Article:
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ATMP-Stabilized Iron Nanoparticles: Chelator-Controlled Nanoparticle Synthesis



Lauren F. Greenlee, Nikki S. Rentz, Roy H. Geiss


Iron nanoparticles are of interest in fields such as water treatment and alternative energy due to their reactive properties and low cost. When combined with other metals, iron-metal nanoparticles can act as catalysts for a diverse set of reactions. In solution-based nanoparticle synthesis, organic stabilizers play a critical role in the properties of the nanoparticles, including size, morphology, composition, and colloidal stability. Chelator-type molecules can be used as nanoparticle stabilizers, and in this study, we characterize iron nanoparticles synthesized in water in the presence of a phosphonate chelator, amino tris(methylene phosphonic acid) (ATMP) for a range of molar ratios of ATMP to iron. An increase in the molar ratio from 0.05 to 0.8 decreases nanoparticle size from approximately 150 nm to less than 10 nm. Colloidal ATMP-stabilized iron nanoparticles are stable over a broad range of pH values, and zeta potential measurements can be used to evaluate colloidal stability. Diffraction analysis indicates that ATMP-stabilized iron nanoparticles may have a nano-crystallite structure, with potential regions of amorphous iron. Characterization results of ATMP-stabilized iron nanoparticles are compared to results obtained previously for carboxymethyl cellulose (CMC)-stabilized iron nanoparticles.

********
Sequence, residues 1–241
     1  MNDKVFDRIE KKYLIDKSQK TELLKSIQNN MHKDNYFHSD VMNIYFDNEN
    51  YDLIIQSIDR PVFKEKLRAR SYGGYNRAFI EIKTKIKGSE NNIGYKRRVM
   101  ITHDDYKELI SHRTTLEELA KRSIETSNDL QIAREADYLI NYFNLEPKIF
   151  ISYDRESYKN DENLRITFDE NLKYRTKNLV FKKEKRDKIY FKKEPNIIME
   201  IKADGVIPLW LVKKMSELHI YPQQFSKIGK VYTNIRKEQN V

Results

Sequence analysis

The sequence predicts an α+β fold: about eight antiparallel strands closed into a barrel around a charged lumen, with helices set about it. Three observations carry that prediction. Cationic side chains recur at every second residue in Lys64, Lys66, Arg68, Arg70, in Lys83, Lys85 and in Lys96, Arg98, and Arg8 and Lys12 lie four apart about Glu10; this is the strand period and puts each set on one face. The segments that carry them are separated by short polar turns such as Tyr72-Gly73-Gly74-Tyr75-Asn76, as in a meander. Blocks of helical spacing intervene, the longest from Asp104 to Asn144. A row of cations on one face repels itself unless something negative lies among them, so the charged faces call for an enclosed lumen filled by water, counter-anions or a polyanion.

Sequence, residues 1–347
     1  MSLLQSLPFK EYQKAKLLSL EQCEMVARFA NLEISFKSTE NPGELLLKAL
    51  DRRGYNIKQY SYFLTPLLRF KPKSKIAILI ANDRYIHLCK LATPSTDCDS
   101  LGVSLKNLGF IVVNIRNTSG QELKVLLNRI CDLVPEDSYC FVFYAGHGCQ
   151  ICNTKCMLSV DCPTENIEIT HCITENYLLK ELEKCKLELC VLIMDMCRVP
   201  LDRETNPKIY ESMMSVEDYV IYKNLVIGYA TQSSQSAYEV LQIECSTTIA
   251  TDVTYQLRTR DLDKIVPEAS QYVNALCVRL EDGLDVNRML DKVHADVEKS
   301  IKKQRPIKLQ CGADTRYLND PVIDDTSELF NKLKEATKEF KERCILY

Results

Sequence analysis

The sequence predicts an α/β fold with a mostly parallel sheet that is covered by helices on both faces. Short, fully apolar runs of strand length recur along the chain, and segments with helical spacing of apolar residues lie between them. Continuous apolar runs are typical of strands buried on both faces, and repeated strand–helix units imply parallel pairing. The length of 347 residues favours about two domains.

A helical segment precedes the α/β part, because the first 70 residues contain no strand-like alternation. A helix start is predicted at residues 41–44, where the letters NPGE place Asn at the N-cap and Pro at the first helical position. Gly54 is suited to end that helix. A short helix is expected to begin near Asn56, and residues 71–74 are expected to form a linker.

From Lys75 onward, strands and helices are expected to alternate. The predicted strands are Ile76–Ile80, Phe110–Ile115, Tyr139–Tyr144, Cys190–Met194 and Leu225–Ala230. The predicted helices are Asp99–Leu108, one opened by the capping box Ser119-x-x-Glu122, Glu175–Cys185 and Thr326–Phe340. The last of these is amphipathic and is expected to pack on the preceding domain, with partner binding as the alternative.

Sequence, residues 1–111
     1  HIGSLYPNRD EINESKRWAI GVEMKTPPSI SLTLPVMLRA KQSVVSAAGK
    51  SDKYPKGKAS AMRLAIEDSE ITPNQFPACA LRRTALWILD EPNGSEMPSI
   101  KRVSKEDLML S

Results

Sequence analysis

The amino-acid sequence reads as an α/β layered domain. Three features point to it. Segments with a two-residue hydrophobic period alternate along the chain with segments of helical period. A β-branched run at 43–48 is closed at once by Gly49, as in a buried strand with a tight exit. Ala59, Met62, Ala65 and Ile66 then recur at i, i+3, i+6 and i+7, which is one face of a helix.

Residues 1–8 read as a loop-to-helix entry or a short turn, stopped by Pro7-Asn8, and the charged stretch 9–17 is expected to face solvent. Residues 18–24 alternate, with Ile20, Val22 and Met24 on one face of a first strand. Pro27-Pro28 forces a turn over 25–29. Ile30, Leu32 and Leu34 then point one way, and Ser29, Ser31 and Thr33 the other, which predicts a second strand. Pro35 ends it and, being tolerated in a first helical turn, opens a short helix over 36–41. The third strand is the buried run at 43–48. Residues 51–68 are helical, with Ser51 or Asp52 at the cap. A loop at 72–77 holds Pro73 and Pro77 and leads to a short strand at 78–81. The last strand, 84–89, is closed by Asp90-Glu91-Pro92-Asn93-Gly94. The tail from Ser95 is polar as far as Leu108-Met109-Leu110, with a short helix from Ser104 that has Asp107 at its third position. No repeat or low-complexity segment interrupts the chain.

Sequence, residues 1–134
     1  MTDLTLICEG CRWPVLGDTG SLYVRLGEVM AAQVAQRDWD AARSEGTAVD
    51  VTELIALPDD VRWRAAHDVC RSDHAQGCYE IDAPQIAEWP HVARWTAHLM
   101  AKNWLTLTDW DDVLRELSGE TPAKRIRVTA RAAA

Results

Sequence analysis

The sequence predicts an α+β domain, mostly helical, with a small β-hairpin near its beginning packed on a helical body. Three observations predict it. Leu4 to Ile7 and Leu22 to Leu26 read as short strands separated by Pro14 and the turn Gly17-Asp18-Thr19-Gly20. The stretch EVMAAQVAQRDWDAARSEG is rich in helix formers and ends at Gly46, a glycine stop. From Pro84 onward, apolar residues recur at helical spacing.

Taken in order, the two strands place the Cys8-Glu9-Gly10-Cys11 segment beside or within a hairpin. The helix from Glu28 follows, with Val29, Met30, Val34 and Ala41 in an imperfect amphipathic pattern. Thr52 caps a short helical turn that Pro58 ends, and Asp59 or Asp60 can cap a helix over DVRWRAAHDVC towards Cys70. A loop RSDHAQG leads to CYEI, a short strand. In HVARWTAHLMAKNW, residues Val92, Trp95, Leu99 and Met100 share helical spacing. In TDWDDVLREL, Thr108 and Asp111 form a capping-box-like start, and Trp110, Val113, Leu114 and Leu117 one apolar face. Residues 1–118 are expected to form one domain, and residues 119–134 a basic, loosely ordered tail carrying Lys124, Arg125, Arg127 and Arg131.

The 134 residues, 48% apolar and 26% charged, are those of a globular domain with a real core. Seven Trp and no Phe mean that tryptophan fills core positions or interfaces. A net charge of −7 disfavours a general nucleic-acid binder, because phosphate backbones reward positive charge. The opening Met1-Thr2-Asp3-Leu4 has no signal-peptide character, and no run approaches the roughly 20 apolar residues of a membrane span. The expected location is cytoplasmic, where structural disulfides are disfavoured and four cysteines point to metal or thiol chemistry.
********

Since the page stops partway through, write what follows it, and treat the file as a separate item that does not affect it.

Journal of Nanoparticle Research


Phosphonate, iron nanoparticles, aqueous synthesis, stabilizer, chelator, oxidation, catalysis


Greenlee, L. , Rentz, N. and Geiss, R. (2014), ATMP-Stabilized Iron Nanoparticles: Chelator-Controlled Nanoparticle Synthesis, Journal of Nanoparticle Research, [online], (Accessed April 24, 2024)
Created November 1, 2014, Updated March 8, 2019